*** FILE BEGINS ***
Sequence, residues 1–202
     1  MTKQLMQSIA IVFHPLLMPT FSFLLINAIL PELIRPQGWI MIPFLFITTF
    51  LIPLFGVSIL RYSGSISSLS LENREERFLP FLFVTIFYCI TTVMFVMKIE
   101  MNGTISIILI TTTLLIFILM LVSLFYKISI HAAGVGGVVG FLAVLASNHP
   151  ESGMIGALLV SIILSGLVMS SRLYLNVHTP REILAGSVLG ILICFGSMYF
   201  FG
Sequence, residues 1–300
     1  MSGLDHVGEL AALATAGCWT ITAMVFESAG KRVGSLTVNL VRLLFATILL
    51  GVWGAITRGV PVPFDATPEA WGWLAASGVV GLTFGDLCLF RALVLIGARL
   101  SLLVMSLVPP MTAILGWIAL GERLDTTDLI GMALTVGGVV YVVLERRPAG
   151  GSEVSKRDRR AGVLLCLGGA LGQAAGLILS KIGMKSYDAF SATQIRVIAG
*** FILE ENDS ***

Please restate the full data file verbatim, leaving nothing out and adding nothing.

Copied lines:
Sequence, residues 1–202
     1  MTKQLMQSIA IVFHPLLMPT FSFLLINAIL PELIRPQGWI MIPFLFITTF
    51  LIPLFGVSIL RYSGSISSLS LENREERFLP FLFVTIFYCI TTVMFVMKIE
   101  MNGTISIILI TTTLLIFILM LVSLFYKISI HAAGVGGVVG FLAVLASNHP
   151  ESGMIGALLV SIILSGLVMS SRLYLNVHTP REILAGSVLG ILICFGSMYF
   201  FG
Sequence, residues 1–300
     1  MSGLDHVGEL AALATAGCWT ITAMVFESAG KRVGSLTVNL VRLLFATILL
    51  GVWGAITRGV PVPFDATPEA WGWLAASGVV GLTFGDLCLF RALVLIGARL
   101  SLLVMSLVPP MTAILGWIAL GERLDTTDLI GMALTVGGVV YVVLERRPAG
   151  GSEVSKRDRR AGVLLCLGGA LGQAAGLILS KIGMKSYDAF SATQIRVIAG